Nonstop Records For U.S. Natural-Gas-Based Electricity

WASHINGTON - As the hot months linger, it will be natural gas that is leaned on most to supply the electricity that we need to run our air conditioners and keep us cool.

And this is surely a great and important thing: "Heat causes most weather-related deaths, National Weather Service says."

Generally, U.S. gas demand for power in summer is 35-40% higher than what it was five years ago, with so much more coming (see Figure).

The good news is regions across the country are expected to have plenty of reserves to keep up with power demand.

The only exception is ERCOT, covering 90% of the electric load in Texas, where a 9% reserve margin is expected, below the desired 14%.

Last summer, however, ERCOT’s reserve margin also was below the desired level, yet the grid operator maintained system reliability with no load curtailments.

Simply put, other states are very lucky that Texas has been able to maintain gas at 50% of its generation, despite being more than justified to drastically increase that.

At about 1,600 Bcf per year, the flatness of gas for power demand in Texas since 2000 has been truly remarkable, especially since Lone Star State production is up 50% since then.

Increasingly, other U.S. states (and even countries) are wanting to import huge amounts of gas from Texas, a state that yields over 25% of all U.S. output.

Yet if Texas justifiably ever wants to utilize more of its own gas, others would be significantly impacted.

At ~480 TWh per year, if Texas was a country, it would be 9th globally for power use, even ahead of Brazil, a fast growing economy with 212 million people, and France, a developed economy with 68 million people.

In the near-term, this explains why a sweltering prolonged heat wave in July in Texas is the critical factor that could push up still very low gas prices.

But for California, our second highest gas using state, above-average snowpack should provide a stronger hydropower for this summer season relative to 2018.

Combined, Texas and California consume about 25% of U.S. gas, with Texas' use double that of California.


Across the U.S., gas could supply a record 40-43% of U.S. electricity this summer

Our gas used for power has increased 35-40% over the past five years.

Our gas used for power has increased 35-40% over the past five years. DATA SOURCE: EIA; JTC

Indeed, U.S. natural gas for electricity has continued to soar, at nearly 10,700 Bcf last year, a 16% rise from 2017 and easily the highest ever.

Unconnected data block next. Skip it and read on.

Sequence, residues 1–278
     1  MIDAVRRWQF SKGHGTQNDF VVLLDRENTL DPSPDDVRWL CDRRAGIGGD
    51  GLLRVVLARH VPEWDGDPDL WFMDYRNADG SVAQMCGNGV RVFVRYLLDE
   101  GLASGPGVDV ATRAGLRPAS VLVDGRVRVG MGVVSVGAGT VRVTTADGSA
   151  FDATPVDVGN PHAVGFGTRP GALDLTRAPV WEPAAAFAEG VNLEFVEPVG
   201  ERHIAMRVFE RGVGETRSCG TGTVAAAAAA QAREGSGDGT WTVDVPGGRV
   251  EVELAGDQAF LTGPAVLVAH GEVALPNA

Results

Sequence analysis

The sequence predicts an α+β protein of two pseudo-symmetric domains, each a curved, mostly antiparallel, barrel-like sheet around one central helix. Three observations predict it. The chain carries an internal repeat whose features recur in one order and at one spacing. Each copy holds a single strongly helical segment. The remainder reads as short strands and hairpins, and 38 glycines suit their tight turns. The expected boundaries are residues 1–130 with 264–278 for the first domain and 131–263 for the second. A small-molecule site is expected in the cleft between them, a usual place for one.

Gas is expected to supply 37% of U.S. power this year, versus 27% just five years ago (see Figure).

Capacity wise, gas is sure to continue to surge its share 45% share of the U.S. power system.

"More than 60% of electric generating capacity installed in 2018 was fueled by natural gas."

We know that natural gas will continue to be the go-to power source: coal and nuclear plants are retiring, and while growing, wind and solar are too intermittent, geography limited, and transmission short to compensate like natural gas can.

"U.S. coal power capacity has fallen by a third since 2010," and last year "16 gigawatts (16,000 MW) of U.S. coal-fired power plants retired."

This year, some 2,000 MW of coal was retired in February alone, with 7,420 MW expected to be closed in 2019.

Ditto for nuclear.

Nuclear retirements this year include Pilgrim, Massachusetts’s only nuclear plant, and Three Mile Island in Pennsylvania.

This will take a combined ~1,600 MW of nuclear capacity offline.

Another 2,500 MW and 4,300 MW of nuclear are expected to be leaving the U.S. power system in 2020 and 2021, respectively.

As more nuclear plants close, EIA projects that net electricity generation from U.S. nuclear power reactors will fall by 17% by 2025.

From 2019-2025 alone, EIA expects U.S. coal capacity to plummet nearly 25% to 176,000 MW, with nuclear falling 15% to 83,000 MW.

In contrast, new combined cycle gas plants will grow capacity almost 30% to around 310,000 MW.

Lower and lower projected commodity prices for gas encourage this immense gas build-out, not to mention non-stop increases in efficiency for gas-based units.

Remember that these are official U.S. Department of Energy estimates, not coming from the industry itself.

In other words, our Department of Energy concludes that gas is the future.

Our hotter and hotter summers are therefore more and more becoming: "summers for natural gas"

Ultimately, this shows why the anti-pipeline movement is so dangerous.

"Affordable Energy Coalition Highlights Ripple Effect of Natural Gas Moratorium."

In April, President Trump signed two executive orders to promote energy infrastructure by directing federal agencies to remove bottlenecks for gas transport into the Northeast in particular and to streamline federal reviews of border-crossing pipelines and other infrastructure.

Builders, however, are not relying on outside help: all they know is that more U.S. gas demand is a constant, so more infrastructure is mandatory.

They are moving forward diligently: for example, there are now some 27 pipelines worth $33 billion already in the works in Appalachia.


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